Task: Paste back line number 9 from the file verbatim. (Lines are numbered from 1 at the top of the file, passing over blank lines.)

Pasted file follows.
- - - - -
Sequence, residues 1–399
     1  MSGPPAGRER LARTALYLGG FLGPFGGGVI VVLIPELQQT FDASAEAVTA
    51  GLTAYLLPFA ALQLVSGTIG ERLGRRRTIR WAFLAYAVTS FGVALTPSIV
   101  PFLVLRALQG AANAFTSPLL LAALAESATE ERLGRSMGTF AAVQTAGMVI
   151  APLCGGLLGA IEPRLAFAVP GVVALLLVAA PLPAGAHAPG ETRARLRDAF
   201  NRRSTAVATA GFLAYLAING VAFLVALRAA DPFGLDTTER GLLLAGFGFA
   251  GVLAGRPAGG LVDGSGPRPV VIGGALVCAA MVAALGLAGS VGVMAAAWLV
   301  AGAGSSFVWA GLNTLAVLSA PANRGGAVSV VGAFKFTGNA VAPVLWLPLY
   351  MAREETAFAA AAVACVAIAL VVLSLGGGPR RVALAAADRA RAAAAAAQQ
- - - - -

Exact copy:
   351  MAREETAFAA AAVACVAIAL VVLSLGGGPR RVALAAADRA RAAAAAAQQ